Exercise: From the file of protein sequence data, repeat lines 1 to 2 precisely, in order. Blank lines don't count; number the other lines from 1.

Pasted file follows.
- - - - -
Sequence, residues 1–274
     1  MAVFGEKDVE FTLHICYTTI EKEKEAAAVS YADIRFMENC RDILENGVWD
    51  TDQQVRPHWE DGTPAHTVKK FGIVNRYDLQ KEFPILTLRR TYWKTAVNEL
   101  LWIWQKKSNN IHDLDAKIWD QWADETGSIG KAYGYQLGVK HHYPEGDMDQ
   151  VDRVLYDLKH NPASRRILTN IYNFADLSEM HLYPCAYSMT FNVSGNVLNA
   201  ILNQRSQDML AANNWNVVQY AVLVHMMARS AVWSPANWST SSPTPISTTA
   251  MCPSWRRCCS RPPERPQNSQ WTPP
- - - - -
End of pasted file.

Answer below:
Sequence, residues 1–274
     1  MAVFGEKDVE FTLHICYTTI EKEKEAAAVS YADIRFMENC RDILENGVWD